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He recently got a piece of skin cancer removed from his back and he will not stop scratching at his stitches and removing bandages.
Once already he had to be taken to hospital to be restitched. Right now the members of my family have begun a 24/7 watch on him. During the first week he removed bandages over a couple dozen times and had pulled or scratched away 6 stitches. Today the whole wound was opened up and he had to be restitched.
He doesn't remember and when told about the situation he doesn't take it seriously.
I'm getting at my wits end.
Anyone had to deal with something like this? Any effective means?

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It is possible that the dressing or the tape being used to hold the dressing in place is aggravating the wound and causing the itching sensation. You may need to change the type of wound dressing you are using to one that will keep everything moist. 

Wound dressings such as “Tegaderm”/”Op-site” are transparent thin film that are very sticky and are often used to cover stitches. “Tegaderm” comes in various sizes. The larger size is a 3.5 inch X 8 inch dressing.   It is often placed over other types of dressings, such as non-adherent gauze. “Tegaderm-Plus” is available with a non-adherent absorbent pad bonded to the thin transparent dressing. It is waterproof so the person can take a shower or bath while the “Tegaderm” is in place.

Years ago we used to put rubbing alcohol on a 4X4 and rub surgical incisions 2-3 times a day to decrease itching.  It worked wonders and very few patients complained about itching.  But I do not know if applying alcohol to a wound/surgical incision to prevent itching is considered “Best Practices” in today’s nursing.

Againx100 has some good advice such as gloves or mittens. (We used to be able to tie the mittens to the bedrails or wheelchair arm rests, but that is now considered to be a restraint and the gloves/mittens can only be used if the patient/resident can remove the gloves/mittens easily—which defeats their purpose.)

You might ask if a “WOUND CARE NURSE” can visit your father or you could call the local Wound Care Nurse.  She/he might have some suggestions to help with the itching.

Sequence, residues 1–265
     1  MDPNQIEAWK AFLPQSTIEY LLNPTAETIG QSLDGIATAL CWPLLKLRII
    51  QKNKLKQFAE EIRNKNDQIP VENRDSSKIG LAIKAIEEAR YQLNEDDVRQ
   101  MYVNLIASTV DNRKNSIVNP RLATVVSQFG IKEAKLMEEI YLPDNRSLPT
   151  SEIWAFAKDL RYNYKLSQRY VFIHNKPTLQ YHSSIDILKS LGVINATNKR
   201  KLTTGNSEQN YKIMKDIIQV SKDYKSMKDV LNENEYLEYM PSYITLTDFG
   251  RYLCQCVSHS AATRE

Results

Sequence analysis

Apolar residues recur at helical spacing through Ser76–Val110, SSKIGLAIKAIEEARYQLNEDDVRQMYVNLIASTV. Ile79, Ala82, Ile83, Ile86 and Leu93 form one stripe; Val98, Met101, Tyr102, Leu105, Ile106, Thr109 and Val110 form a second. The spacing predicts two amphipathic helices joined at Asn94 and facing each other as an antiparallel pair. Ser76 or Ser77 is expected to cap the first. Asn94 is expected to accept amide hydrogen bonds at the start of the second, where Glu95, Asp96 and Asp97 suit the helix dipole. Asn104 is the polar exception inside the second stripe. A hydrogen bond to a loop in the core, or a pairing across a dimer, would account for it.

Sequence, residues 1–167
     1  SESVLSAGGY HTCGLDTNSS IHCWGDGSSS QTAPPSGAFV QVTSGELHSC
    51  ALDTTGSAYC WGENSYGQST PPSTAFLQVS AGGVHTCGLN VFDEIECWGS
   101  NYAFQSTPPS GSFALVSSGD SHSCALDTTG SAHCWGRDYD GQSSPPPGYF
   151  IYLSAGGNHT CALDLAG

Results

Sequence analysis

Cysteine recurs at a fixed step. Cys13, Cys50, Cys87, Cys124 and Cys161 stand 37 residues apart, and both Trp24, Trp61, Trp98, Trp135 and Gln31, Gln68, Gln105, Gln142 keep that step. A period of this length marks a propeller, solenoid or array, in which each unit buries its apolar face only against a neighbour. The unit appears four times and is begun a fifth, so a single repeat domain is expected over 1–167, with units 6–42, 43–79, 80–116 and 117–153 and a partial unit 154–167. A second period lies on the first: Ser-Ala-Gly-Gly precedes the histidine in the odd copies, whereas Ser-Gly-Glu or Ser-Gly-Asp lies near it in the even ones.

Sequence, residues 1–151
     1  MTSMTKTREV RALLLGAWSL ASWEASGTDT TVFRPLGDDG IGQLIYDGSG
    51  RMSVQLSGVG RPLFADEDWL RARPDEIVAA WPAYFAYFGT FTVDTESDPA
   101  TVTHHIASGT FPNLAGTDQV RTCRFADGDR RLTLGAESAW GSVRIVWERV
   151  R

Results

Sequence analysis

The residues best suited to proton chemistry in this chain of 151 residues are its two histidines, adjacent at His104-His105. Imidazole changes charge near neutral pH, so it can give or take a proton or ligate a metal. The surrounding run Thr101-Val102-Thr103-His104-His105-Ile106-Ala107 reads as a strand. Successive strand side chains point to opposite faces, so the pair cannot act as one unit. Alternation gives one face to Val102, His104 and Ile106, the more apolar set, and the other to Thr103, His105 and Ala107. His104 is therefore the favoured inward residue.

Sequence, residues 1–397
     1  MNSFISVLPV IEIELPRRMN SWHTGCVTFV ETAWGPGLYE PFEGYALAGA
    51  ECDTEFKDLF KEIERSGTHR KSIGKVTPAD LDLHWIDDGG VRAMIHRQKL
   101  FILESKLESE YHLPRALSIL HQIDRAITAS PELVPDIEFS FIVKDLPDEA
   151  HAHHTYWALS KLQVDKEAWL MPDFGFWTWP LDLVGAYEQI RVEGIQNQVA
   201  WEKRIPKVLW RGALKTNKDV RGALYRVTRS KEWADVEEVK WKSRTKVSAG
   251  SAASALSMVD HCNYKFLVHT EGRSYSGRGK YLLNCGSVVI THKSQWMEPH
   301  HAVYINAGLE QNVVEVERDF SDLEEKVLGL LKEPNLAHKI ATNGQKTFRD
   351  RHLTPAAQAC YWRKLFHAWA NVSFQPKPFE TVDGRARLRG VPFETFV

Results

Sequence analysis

It is so frustrating when you are doing something to help your loved one and they do not understand what is going on.
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Reply to DeeAnna
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I would notify his doctor, maybe he/she might order an ointment or medication for his itchiness. Benadryl at night might help, but ask doctor first, it can cause drowsiness, some people use it for sleep. I have given it to my 97 year old mother at night on occasion with her doctors suggestion.
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Reply to earlybird
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Good point hailey bug.

Our doctor recommends aquaphor be applied to keep the wound hydrated, which keeps it from itching. I always spray witch hazel 1st to make sure I am keeping it as clean as possible. So far so good! Keeps scarring to a minimum to.
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Reply to Isthisrealyreal
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I am wondering if the site is itching?
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Reply to haileybug
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haileybug Aug 4, 2020
May need to apply something for itching.
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Geez, I'm surprised he can reach his back well enough to do this. And yes, he's not going to remember or understand not matter how many times you tell him.

Didn't the staff have any suggestions for you?? They're the "professionals".

How about a tight shirt that he can't get his hand under? One piece long johns? Gloves or mittens of some sort that are really hard to get off (IF such a thing exists!).

As I said on another post, not a huge fan of meds, but maybe there is a med he can take for the short term to calm him down and keep him from getting so agitated with this? Some kind of a mild sedative and/or pain reliever so he won't feel it so much? Again, short term because this will not take forever to heal. Unless he keeps picking at it as he has been.

Boy, if it's not one thing, it's another, right??
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Reply to againx100
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